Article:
i unpacked a little bit, and then took some allergy medicine to help knock me out because i was meeting dr. kim around 10 in the morning. got to sleep around 3:30 or 4, and in the morning i finished unpacking. at 10:30 another girl from the school (this one spoke no english) came with a note from dr. kim saying she was from the school and i was to go with her. good thing she wasn't a kidnapper. so we took a taxi to the school, where i met dr. kim, his wife (the school's president), a director of foreign languages, and johnny, a full-time english teacher. dr. kim gave me some coffee (thank you!) and we talked a little bit about the school. then he let me use his phone because by this time i was sure my mom was just about crazy with anticipation for me to call... i called her and she started crying. she said she and celeste were worried sick that i hadn't called yet (they wanted me to call as soon as humanly possible- but i couldn't use the one pay phone i saw at the train station and there is no phone in my apartment). she was sure that i had been sold into slavery, but i assured her i was ok and was in fact about to be taken out to lunch.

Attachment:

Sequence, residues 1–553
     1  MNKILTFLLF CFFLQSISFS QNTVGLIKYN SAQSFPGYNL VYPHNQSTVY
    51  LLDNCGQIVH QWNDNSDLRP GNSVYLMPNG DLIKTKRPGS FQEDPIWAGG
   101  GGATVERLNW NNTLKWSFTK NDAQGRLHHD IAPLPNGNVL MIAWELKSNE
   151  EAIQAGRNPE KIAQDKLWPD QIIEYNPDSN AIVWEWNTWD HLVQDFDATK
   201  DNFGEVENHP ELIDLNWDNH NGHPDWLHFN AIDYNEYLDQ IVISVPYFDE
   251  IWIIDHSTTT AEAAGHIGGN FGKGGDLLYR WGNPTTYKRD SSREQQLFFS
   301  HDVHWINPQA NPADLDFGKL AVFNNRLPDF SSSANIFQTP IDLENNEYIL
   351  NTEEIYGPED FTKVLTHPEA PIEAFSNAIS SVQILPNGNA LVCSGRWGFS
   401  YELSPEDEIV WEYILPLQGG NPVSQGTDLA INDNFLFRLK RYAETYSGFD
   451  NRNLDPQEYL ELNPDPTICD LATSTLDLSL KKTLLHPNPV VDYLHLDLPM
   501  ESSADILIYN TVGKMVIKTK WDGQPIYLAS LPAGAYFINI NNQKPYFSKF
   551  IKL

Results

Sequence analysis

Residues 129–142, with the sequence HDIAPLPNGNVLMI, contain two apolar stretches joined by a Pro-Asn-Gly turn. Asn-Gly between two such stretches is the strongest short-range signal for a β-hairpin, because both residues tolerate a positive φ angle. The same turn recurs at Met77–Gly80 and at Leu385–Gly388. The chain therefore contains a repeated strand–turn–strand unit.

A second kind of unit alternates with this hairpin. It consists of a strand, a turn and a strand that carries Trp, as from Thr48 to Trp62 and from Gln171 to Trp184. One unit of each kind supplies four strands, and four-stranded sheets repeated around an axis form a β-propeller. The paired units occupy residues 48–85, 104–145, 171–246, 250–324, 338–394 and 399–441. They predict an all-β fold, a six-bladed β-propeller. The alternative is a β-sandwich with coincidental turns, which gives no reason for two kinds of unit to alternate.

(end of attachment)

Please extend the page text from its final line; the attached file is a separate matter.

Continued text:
so, dr. kim, johnny, and i went out to lunch to some buffet place where i didn't really know what was going on. i'm familiar with the korean places with the big grill in the middle, but this one had a pot with water- apparently we were supposed to grab some veggies, meat, whatever we wanted and cook it in the soup. i wasn't quite brave enough to try really fancy stuff (honestly i didn't know what was supposed to be eaten as is from the buffet and what was supposed to be cooked in soup), but i did do some noodles and green leafy stuff (not sure if that was supposed to be cooked but the color was so dark and pretty that i thought it would make the soup look nice.)